Most Australians are most likely to hear claims that we must use nuclear to fix the climate problem from people who refuse to admit there is a serious climate problem and generally recieve no criticism from leading advocates for the dissonance – more likely they’ll be warmly praised – and if that isn’t a problem for nuclear-for-climate’s credibility I don’t know what is. Sure, the green left has it’s less than rational baggage too, but they have only appeared to stand so tall because everyone else has been keeping their heads down. It has never been up to the fringe to fix this and blaming it for the mainstreams failures is pure expediency. It’s always been up to mainstream politics.

  32. Ivor
    June 8th, 2015 at 09:20 | #32


    I assumed that the as the terms of reference used the phrase “commercial”, that this excluded issues such as “best” except in terms of cost.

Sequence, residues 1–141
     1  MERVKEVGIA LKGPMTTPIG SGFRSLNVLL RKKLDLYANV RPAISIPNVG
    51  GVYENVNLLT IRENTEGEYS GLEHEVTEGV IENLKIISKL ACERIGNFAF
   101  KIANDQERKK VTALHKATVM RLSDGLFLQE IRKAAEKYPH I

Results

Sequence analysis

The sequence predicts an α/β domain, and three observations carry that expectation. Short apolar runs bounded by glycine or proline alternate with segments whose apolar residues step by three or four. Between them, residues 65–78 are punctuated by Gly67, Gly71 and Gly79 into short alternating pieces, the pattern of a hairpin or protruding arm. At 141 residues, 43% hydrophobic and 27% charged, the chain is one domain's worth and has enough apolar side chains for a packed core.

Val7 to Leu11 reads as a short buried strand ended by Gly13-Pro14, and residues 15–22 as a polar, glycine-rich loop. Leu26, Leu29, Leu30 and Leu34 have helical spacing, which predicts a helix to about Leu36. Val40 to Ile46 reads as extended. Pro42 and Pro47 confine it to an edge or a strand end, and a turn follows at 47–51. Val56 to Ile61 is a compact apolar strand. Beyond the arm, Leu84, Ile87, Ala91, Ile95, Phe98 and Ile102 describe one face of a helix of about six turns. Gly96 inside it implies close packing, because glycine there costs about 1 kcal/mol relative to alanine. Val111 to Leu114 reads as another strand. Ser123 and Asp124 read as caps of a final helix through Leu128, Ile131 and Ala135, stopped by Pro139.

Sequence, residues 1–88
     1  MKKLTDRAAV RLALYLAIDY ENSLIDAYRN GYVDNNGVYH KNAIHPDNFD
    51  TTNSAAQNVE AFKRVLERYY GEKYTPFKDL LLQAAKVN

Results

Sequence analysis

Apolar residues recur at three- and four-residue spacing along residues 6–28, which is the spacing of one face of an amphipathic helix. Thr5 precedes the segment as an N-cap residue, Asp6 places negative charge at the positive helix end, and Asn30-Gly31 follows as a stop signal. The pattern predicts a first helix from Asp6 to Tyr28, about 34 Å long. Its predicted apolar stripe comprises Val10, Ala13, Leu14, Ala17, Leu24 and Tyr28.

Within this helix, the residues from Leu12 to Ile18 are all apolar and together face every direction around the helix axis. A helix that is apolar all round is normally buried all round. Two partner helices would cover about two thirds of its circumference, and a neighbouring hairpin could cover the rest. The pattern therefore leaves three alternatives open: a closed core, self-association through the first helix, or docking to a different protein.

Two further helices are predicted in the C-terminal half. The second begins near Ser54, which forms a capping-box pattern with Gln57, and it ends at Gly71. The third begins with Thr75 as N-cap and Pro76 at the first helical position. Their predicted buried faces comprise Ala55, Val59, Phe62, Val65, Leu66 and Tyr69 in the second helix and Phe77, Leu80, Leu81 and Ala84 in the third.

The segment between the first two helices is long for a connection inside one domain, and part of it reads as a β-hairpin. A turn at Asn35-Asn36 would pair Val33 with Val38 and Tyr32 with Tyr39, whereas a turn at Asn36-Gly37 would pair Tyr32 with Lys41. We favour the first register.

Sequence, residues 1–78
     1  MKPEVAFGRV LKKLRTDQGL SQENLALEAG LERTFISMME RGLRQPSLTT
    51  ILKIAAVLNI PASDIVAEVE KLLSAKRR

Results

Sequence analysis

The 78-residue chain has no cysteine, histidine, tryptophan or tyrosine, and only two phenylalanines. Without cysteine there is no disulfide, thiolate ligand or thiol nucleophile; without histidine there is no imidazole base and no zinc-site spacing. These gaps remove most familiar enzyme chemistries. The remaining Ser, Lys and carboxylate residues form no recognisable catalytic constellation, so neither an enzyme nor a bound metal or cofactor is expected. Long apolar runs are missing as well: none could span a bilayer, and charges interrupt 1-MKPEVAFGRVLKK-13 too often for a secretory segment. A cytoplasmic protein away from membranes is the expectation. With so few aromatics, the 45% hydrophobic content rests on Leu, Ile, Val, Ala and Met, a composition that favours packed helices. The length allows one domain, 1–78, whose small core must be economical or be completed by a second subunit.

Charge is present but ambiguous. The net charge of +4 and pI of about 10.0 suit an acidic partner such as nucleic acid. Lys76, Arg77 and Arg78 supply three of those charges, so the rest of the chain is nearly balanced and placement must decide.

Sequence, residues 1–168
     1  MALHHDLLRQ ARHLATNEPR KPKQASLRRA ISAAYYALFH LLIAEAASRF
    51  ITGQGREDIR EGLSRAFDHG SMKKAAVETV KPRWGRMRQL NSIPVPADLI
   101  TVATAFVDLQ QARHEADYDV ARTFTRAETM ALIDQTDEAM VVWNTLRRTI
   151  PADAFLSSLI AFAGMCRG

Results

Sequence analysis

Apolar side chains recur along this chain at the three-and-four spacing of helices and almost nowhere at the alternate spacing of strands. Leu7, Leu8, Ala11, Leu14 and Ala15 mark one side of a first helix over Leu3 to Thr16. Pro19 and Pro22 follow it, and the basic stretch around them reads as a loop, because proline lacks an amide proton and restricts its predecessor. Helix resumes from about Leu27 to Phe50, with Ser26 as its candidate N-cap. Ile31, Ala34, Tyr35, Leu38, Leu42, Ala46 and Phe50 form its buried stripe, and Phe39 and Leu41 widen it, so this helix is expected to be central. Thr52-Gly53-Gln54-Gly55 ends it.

The whole point of nuclear is that it can be presented as commercially “best” even though it is socially “worst”.

    In general, under capitalism you only get commercial outcomes, not socially best alternatives.

    Right wing Greens sometimes peddle nuclear energy due to its attractive carbon-emission outcomes, similarly ignoring adverse social impacts.

    There is difficulty dealing with “best” issues. What is “best” for this generation may not be best for future generations.

    You cannot have “best” outcomes in one economy if there is free trade with other economies with cheap and nasty standards.

  33. Ikonoclast
    June 8th, 2015 at 10:43 | #33

    This survey is interesting.

    Nuclear power in Australia: A comparative analysis of public opinion regarding climate change and the Fukushima disaster.


    However, I have reservations about how much broad public opinion and democracy control outcomes in our society. It seems in many cases that what oligarchic and corporate capital wants it gets. The situation in relation to nuclear power might well resolve itself in another way by the competition of capitals. The numbers in that arena indicate that solar power and wind power will out-compete nuclear power.